Q: Is Kentucky's example being copied by other states?
A: States are learning the lessons and they are learning from what Kentucky did. Just recently several states have initiated similar programmes.

Q: What have been the indirect and direct economic benefits of Connect Kentucky? Is it too early to point to growth?
A: It's already significant. There were entire communities in the state of Kentucky that have been hit hard by manufacturing job losses that were able to regroup and adjust their community business plan around Connect Kentucky. Over the last two years, over 14,500 technology jobs have been created in Kentucky. Also in the same two year period, in the IT sector alone, Kentucky jobs have grown at a rate thirty-one times the national average.

It is important to note there has also been a 50 percent increase in the number of out-ofstate students who remain in Kentucky. When you have the technology and advanced services that are brought into a state - or a country for that matter - it allows that demography and geography to thrive both from a business perspective and socially. Technology attracts commerce. There is no way around that. Ecommerce is becoming a means of encouraging public consumption of goods. It is of benefit all round.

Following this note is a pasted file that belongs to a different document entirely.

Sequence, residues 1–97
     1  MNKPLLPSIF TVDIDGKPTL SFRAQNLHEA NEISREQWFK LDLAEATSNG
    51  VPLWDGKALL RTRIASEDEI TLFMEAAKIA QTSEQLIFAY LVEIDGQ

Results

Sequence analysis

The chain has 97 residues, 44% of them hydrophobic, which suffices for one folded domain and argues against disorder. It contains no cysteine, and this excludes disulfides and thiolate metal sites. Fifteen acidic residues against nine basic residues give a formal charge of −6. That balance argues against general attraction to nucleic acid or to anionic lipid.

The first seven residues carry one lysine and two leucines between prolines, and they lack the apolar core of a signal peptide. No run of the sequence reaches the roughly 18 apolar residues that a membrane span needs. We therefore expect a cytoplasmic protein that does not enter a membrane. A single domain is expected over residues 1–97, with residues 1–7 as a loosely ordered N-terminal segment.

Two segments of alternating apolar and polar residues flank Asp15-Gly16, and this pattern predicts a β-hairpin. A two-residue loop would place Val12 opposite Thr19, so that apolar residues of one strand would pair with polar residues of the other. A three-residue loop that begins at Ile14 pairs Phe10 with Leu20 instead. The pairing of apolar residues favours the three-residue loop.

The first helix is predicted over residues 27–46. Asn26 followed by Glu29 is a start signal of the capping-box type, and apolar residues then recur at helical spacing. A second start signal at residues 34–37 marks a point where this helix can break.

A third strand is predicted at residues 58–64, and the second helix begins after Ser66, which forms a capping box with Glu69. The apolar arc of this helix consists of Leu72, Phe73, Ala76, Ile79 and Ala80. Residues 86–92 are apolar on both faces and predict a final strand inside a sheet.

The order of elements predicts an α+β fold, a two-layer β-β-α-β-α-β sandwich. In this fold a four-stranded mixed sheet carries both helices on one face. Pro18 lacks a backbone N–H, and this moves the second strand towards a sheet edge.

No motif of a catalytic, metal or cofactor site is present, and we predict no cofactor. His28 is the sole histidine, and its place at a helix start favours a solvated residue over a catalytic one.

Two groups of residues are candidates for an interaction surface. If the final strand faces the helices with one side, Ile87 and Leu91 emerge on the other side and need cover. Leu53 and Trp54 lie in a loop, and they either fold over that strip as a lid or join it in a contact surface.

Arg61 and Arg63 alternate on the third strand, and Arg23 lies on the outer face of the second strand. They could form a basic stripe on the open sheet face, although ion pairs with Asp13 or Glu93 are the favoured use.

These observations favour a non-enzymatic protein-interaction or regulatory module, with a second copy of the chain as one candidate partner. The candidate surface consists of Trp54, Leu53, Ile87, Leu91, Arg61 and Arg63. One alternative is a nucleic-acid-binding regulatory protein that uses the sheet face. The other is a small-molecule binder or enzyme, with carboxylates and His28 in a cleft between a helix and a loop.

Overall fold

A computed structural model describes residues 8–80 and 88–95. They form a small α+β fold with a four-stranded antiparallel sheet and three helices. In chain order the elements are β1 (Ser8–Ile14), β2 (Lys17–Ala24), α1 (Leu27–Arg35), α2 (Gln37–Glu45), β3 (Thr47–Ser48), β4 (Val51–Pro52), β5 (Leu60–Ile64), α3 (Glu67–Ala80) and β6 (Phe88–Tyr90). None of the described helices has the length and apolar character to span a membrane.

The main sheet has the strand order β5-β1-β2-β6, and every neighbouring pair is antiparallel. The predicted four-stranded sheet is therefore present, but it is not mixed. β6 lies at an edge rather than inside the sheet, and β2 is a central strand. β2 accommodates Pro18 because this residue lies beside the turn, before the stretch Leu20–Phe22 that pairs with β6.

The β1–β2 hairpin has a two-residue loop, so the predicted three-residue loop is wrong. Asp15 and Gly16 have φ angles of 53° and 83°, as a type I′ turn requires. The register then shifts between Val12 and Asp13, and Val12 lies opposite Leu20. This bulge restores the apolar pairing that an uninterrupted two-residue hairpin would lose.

Q: To what extent are you technology neutral in this?
A: We are technology neutral but at the same time we are also realistic and practical, fibre is obviously able to thrive in dense metropolitan areas but when you get to the rural states we see that old saying is true, 'there's a lot of dirt between telephone poles'. The topography is just different. WiMAX, satellite wireless are going to better alternative technologies in these areas and keeping that in mind, we also see that there are appropriate spectrum allocations for those various technologies where broadcasters or license devices are just not going to thrive. We are huge proponents for technology and the TIA is a standards development organisation too so we obviously work on the technical side of this. We see that 2.1GHz and 5.8GHz are the most realistic place for rural wireless or WISP services. We are huge proponents of that because although we are technology neutral, we see that those are the spectrum allocations and are where they will thrive in rural areas where fibre isn't realistic. For example, Motorola has the Canopy service that is going to service rural areas in the 2.4 and 2.5MHz bands.

"The lack of broadband deployment in the US is very much a function of our expansive geography, and we need to encourage technologies that overcome that."